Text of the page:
Smart technologies achieve calibration excellence
23 November 2012
Suzanne Gill reports on a presentation given at the European Emerson Global User Exchange, which discussed an innovative advanced calibration and asset management solution, employed by GlaxoSmithKline at its Cork primary pharmaceutical production plant, which has succeeded in streamlining and automating its calibration tasks, and has offered the company significant improvements in business operations and management of its regulatory compliance requirements.
There is an increasing need for companies today to focus their resources. This includes making the best decisions possible about critical automation assets with no wasted effort. GlaxoSmithKline is no exception, as Alan Gray, instrument engineer at GlaxoSmithKline, explained at the Emerson Global User Exchange.
Gray is responsible for global engineering standards and quality compliance within GSK. He explained how a project to improve the company’s business operations and manage its regulatory compliance requirements began. “In 2009 the GSK engineering department created the ‘agile engineering group’ to focus on transformational projects looking at ways to make our processes leaner. One area identified across the global manufacturing supply area was the high cost of calibration.”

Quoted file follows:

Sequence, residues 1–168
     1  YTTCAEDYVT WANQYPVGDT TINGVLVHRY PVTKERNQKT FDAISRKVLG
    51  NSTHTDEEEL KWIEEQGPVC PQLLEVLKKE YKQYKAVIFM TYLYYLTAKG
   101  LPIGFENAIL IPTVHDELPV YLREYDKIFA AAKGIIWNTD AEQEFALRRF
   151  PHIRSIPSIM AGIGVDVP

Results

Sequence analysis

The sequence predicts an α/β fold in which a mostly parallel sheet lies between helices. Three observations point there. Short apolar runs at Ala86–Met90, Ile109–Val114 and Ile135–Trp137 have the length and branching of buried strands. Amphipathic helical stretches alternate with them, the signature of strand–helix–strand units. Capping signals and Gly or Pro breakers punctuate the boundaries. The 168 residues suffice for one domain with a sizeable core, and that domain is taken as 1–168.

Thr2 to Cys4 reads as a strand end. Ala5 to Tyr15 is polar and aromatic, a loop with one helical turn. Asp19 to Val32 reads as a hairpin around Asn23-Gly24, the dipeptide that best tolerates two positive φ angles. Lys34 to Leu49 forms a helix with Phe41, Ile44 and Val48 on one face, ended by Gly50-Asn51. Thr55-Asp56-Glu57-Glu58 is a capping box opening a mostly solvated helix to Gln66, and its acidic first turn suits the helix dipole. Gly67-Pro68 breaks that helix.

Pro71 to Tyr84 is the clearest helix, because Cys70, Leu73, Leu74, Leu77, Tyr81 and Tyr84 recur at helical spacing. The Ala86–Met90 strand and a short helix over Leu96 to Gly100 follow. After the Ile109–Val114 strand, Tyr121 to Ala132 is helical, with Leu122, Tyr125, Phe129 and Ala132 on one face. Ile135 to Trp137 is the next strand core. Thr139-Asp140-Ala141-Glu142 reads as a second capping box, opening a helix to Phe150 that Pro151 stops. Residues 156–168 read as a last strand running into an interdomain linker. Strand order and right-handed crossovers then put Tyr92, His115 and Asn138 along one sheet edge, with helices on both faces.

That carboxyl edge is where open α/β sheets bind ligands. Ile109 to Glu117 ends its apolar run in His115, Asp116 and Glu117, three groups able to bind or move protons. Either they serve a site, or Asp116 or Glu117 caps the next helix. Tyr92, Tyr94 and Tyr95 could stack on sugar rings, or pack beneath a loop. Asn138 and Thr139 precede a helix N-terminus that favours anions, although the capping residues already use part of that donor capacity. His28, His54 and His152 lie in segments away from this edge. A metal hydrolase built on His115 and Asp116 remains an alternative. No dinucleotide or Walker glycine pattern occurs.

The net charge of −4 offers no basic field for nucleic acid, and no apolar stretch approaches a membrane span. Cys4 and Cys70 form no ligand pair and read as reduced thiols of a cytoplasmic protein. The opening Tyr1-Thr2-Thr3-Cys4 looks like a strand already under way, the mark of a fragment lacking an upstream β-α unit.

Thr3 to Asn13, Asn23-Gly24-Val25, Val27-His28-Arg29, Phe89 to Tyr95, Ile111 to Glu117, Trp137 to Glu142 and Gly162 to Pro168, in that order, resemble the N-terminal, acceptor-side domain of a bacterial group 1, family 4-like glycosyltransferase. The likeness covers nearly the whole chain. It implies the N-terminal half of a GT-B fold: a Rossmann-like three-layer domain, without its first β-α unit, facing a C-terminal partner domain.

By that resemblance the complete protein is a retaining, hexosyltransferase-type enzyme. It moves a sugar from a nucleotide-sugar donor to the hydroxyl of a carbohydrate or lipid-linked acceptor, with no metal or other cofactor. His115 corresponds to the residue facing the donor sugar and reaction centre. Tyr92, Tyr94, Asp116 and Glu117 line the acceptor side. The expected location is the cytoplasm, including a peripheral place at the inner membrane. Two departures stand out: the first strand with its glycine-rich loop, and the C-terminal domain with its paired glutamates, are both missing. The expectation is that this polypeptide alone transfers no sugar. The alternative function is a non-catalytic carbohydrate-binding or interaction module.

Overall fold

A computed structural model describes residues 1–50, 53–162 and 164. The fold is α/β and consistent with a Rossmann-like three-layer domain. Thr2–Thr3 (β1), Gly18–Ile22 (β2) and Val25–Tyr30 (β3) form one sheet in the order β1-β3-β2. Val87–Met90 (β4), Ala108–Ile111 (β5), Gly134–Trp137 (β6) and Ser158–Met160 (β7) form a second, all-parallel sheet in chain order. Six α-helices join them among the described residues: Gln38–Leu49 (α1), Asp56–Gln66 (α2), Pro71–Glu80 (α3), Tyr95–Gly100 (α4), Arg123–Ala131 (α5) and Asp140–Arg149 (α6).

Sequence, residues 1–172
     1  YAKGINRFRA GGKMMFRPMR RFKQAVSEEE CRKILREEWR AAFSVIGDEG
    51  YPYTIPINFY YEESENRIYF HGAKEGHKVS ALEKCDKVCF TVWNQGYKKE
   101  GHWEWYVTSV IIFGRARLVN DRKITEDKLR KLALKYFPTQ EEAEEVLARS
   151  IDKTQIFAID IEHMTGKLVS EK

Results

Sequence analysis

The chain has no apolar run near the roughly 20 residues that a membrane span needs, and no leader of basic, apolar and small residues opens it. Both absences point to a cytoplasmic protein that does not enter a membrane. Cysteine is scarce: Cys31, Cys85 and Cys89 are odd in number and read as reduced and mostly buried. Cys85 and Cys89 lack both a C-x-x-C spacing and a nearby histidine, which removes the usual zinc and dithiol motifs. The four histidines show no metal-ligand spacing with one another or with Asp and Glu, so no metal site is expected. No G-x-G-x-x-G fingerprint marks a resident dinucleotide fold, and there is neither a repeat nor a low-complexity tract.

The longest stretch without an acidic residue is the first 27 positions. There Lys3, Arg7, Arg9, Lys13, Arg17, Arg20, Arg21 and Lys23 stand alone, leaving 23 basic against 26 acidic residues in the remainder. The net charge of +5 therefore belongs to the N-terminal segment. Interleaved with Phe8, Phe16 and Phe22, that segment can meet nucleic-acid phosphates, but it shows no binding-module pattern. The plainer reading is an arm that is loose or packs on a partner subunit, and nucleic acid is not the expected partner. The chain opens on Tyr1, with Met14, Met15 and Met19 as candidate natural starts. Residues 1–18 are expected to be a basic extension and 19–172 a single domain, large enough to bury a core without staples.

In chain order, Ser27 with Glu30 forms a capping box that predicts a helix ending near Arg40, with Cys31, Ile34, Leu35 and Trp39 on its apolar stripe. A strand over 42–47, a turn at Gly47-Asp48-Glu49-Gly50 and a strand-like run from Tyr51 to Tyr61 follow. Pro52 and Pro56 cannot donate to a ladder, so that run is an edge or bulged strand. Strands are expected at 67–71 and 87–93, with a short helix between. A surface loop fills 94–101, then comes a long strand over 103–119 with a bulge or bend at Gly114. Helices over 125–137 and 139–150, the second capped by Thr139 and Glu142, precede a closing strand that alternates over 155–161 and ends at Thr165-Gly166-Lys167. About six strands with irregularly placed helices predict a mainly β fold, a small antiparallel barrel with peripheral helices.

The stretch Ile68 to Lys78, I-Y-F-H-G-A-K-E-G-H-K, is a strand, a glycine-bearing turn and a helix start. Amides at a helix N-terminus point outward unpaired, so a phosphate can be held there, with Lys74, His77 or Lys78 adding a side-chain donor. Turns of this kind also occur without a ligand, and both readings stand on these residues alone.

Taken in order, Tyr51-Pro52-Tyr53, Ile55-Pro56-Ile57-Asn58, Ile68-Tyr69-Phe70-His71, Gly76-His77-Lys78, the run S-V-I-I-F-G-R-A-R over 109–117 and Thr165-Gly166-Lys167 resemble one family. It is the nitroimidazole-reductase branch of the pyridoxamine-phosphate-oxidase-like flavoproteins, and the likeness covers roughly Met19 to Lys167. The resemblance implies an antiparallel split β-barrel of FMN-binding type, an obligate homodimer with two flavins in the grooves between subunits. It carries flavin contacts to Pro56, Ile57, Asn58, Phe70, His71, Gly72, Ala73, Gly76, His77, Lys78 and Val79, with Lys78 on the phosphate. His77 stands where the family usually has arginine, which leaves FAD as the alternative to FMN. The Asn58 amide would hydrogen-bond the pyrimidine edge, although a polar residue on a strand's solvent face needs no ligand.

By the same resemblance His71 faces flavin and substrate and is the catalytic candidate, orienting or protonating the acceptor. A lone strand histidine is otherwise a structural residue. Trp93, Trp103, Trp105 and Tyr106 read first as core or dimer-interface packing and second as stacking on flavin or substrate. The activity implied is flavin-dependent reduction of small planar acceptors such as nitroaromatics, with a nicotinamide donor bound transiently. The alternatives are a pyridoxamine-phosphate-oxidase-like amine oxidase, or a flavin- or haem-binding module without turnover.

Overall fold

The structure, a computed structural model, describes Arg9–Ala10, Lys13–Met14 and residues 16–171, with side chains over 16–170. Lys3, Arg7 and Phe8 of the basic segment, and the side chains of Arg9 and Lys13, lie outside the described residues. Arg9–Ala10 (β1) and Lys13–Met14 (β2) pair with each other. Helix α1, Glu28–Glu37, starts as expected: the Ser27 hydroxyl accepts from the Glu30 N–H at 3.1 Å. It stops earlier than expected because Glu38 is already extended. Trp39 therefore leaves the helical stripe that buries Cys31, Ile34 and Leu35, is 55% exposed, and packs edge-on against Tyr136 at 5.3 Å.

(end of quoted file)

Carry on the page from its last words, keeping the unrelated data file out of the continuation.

Calibration is rightly considered to be a necessary activity among highly regulated process industries, such as the pharmaceutical and food sectors, but the activity must be balanced to ensure that compliance is achieved in a cost effective fashion. “Striving for leaner ways of working, we wanted to look at how we could make the calibration process leaner, more cost effective and more compliant,” said Gray. Looking at the technologies that would be able to deliver improvements to its calibration regime the group focussed on three areas:
Instrument diagnostics – Here the team looked at what instruments exist that are able to give usable information to enable a move from a scheduled to an on-demand system that could provide smart diagnostic information.
Paperless calibration – The team wanted to be able to remove the document transportation associated with the creation of calibration certificates. This would offer real benefits, in terms of sustainability and leaner processes.